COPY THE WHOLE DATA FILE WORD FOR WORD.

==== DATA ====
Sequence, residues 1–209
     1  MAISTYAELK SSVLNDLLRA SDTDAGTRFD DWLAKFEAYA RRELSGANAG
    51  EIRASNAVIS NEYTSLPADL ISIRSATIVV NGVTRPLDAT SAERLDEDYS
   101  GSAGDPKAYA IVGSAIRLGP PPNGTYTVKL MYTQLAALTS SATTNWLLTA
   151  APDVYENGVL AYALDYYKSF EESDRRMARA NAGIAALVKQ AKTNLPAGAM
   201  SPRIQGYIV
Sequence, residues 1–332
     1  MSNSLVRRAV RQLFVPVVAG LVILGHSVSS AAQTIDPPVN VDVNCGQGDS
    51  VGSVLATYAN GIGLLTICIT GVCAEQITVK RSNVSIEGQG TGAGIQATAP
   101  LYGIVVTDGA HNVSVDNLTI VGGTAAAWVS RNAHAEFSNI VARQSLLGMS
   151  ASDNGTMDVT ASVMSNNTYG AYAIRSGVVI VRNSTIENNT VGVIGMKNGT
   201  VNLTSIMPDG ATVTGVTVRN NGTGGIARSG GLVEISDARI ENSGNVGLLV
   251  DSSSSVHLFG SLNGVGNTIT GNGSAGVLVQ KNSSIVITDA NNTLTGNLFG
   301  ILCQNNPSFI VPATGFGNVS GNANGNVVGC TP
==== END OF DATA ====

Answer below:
Sequence, residues 1–209
     1  MAISTYAELK SSVLNDLLRA SDTDAGTRFD DWLAKFEAYA RRELSGANAG
    51  EIRASNAVIS NEYTSLPADL ISIRSATIVV NGVTRPLDAT SAERLDEDYS
   101  GSAGDPKAYA IVGSAIRLGP PPNGTYTVKL MYTQLAALTS SATTNWLLTA
   151  APDVYENGVL AYALDYYKSF EESDRRMARA NAGIAALVKQ AKTNLPAGAM
   201  SPRIQGYIV
Sequence, residues 1–332
     1  MSNSLVRRAV RQLFVPVVAG LVILGHSVSS AAQTIDPPVN VDVNCGQGDS
    51  VGSVLATYAN GIGLLTICIT GVCAEQITVK RSNVSIEGQG TGAGIQATAP
   101  LYGIVVTDGA HNVSVDNLTI VGGTAAAWVS RNAHAEFSNI VARQSLLGMS
   151  ASDNGTMDVT ASVMSNNTYG AYAIRSGVVI VRNSTIENNT VGVIGMKNGT
   201  VNLTSIMPDG ATVTGVTVRN NGTGGIARSG GLVEISDARI ENSGNVGLLV
   251  DSSSSVHLFG SLNGVGNTIT GNGSAGVLVQ KNSSIVITDA NNTLTGNLFG
   301  ILCQNNPSFI VPATGFGNVS GNANGNVVGC TP